Indian ambassador talks on poverty, climate



By Bridget Lewis

Staff Writer






Gauri Gupta, the Indian Ambassador to Trinidad and Tobago, visited the University of Dallas on Wednesday, Oct. 8 to speak about business, ethics and development. This lecture was followed by a book signing of Gupta’s book “Unraveling Mysteries of Life.” Gupta mentioned many topics in his speech, such as poverty, unemployment, innovation, and development, climate, change, growing health problems, social and ethnic conflicts and understanding oneself.

Gupta cited a number of statistics to illustrate the global state of affairs. Roughly 50 percent of the world’s population lives on less than $2.50 a day, and 89 percent of people live on less than $10 a day.

“Approximately 870 million go to bed without eating enough,” Gupta said.

These people are suffering from chronic malnutrition, which kills millions of children each year. Roughly 40 percent of the world population suffers from malnutrition, yet millions of tons of food are wasted daily.

“This is happening in the world today,” Gupta pointed out.

He also spoke about wealth inequality. About 1 percent of the world’s population owns 40 percent of global assets. The three richest people are wealthier than the 48 poorest nations combined. Since World War II, the total wealth of nations has gone up by 100 percent. These statistics suggest that there is no shortage of wealth, but rather, there is problem with the justice of distribution.

Gupta continued, describing the poor conditions and high crime rates of slums. Approximately 33 percent of the urban population lives in urban slums. In 2012, a total of 863 million people lived in the slums.

“They are born in subhuman conditions, they live in subhuman conditions, they die in subhuman conditions,” Gupta said.

The unemployment rate is growing, according to Gupta. With high unemployment rates across the globe, there are 200 million people unemployed. The youth unemployment rate is 25 percent, with 74 million unemployed youths ages 15-24.

“25% of young people today don’t have jobs, and employment is becoming more and more difficult,” Gupta said.

The ambassador also spoke of climate change. There has been an increase of greenhouse gases such as carbon dioxide, methane and nitrogen oxide, he said.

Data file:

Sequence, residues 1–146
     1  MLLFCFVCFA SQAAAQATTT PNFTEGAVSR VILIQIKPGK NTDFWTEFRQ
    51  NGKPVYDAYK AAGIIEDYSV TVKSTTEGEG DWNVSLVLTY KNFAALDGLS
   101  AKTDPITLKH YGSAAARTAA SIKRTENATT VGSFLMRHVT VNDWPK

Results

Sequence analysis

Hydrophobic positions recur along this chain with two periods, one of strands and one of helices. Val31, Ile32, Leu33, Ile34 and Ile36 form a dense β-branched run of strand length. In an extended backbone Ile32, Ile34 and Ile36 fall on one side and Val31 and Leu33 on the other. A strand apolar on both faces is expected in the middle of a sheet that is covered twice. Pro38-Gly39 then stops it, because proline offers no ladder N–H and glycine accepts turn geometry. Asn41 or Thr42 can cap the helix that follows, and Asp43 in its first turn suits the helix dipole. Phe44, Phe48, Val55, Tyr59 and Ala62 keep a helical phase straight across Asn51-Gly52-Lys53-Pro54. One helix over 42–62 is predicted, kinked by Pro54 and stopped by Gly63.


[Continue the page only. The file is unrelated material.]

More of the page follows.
“They say that the CFC [chlorofluorocarbon, a compound that contributes to ozone depletion] levels have increased tremendously in the last two decades,” Gupta said.

Industrial activities have raised the levels of carbon dioxide in the atmosphere significantly in the last 150 years. Temperatures are expected to rise 2.5 percent in the next century. Lakes and glaciers are expected to dry, sea levels to rise, island to submerge, erratic weather patterns to appear and the number of floods and droughts to increase.

At the same time, Gupta said, there has also been an increase of health problems. Water and air are more contaminated now than ever before. Stress levels are rising, increasing heart disease, hypertension, cancer and much more. Foods are not as healthy as they used to be. There are more fast foods, foods filled with preservatives and genetically-modified foods. Gupta said the overall lifestyle of people is less healthy today than in the past, with more smoking, drinking and drug abuse than ever. People are also reacting to medicines they are taking, and these reactions make up about two-thirds of diseases, according to Gupta. Chemical levels in the human body are increasing, causing many diseases such as Alzheimer’s and autism.

Gupta continued to speak about the ethical implications of modern society. He noted the increase in crimes, drug addiction and domestic violence. There has also been an increase in intolerance and extremism, he said.

“Intolerance has become very common in the world,” Gupta stated.

There has been an increase in international terrorism and ethnic and religious wars, as well as wars over resources.

Instead of focusing only on work, Gupta suggested men use their minds, intellect and “human thought.” In order to avoid the dehumanization of the modern world, men have to understand themselves.

“What is the answer to these problems?” Gupta asked the audience. “This is something we have to look for ourselves.”


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